Earnings Taxes and Wal-Mart
Today’s announcement by Wal-Mart got me thinking about this study by the Show-Me Institute. Wal-Mart is opening 9 new stores in economically depressed areas around the country. Did local earning’s taxes have an effect on where Wal-Mart chose to locate? Here is am important nugget from the report:
East Hills, Pennsylvania, is a community just outside of Pittsburgh.
So Wal-Mart is locating just outside of Pittsburgh. What does Pittsburgh have that East Hills almost certainly does not? Besides the Steelers and Pirates…An Earnings Tax of 1%. On the other hand, Wal-Mart is locating within the city limits of Indianapolis which has an earnings tax, although at 0.7% it is the lowest such tax in the country. Wal-Mart appears to have located new stores in suburbs just outside of major cities, such as Atlanta, San Francisco and Washington, DC. While those last three cities do not have earnings taxes, they very likely do have higher taxes in general than the chosen suburbs outside them.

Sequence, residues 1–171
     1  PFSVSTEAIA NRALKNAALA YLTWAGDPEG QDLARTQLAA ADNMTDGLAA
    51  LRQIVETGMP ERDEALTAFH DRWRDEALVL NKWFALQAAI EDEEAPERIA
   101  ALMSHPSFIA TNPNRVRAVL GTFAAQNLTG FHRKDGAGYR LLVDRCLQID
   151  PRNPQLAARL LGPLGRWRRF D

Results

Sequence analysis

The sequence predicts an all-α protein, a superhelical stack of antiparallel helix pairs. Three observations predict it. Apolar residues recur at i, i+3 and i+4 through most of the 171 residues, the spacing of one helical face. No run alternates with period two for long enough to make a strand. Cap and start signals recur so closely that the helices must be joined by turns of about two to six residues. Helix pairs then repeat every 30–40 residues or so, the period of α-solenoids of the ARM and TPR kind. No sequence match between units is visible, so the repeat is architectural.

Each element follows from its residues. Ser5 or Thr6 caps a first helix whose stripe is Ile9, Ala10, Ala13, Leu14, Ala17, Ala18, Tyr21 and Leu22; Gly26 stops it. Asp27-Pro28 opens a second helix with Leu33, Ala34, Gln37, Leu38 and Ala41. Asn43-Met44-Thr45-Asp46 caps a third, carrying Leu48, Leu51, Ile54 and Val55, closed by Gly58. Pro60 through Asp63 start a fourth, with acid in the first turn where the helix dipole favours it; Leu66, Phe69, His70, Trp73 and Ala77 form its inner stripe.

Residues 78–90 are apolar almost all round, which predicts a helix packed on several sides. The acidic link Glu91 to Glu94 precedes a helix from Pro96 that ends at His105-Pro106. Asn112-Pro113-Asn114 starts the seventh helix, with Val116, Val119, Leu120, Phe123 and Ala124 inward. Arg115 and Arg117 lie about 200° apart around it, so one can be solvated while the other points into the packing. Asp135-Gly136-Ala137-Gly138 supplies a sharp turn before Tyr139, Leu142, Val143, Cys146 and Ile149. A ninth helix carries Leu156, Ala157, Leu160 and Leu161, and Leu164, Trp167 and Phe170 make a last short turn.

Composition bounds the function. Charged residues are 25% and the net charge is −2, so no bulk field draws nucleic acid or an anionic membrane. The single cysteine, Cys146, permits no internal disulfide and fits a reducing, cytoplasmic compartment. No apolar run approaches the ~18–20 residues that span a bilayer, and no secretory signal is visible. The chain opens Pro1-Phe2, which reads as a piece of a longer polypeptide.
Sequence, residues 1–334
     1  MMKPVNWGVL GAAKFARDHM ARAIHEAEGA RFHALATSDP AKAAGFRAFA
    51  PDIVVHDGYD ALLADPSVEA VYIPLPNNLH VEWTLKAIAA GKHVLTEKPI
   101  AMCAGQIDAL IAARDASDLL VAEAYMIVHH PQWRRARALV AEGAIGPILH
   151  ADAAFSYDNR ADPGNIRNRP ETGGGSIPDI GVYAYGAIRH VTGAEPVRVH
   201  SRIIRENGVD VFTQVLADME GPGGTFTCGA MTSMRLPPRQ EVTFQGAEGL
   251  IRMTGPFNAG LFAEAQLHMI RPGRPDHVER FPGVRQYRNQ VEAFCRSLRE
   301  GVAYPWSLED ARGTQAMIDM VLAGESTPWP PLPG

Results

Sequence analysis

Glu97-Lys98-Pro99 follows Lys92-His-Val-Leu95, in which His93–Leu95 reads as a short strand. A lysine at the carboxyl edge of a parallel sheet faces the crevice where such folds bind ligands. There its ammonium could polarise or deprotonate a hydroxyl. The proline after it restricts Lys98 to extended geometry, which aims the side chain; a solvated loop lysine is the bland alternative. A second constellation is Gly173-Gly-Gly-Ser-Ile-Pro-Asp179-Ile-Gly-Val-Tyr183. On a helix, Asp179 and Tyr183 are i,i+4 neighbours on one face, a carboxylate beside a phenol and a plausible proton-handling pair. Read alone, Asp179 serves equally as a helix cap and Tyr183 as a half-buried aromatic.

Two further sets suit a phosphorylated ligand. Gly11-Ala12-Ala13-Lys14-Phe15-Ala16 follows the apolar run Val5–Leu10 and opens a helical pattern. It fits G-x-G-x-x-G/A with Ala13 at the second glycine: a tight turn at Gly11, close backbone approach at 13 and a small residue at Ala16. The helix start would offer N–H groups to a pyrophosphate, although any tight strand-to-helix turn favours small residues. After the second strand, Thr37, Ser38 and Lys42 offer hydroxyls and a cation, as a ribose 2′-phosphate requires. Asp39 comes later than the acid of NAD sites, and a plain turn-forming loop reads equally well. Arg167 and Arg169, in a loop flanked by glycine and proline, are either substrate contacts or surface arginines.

Wal-Mart is also opening a store that appears to be within the city limits of Cleveland, which has a high earnings tax of 2%. However, the new Cleveland store appears to be a part of a major revitalisation project, Steelyard Commons, which likely has substantial tax incentives that would offset the earnings tax. Chicago, the other major site for a new Wal-Mart within municipal limits, does not have any earnings tax.
The final store count is two out of nine in cities with earnings taxes. One in a large city without an earnings tax. Three in suburbs without earnings taxes located just outside major cities, and three in more distant suburban areas without earnings taxes. I must conclude that earnings and other local taxes were a significant, but not the decisive, factor in where Wal-Mart has chosen to open these new stores.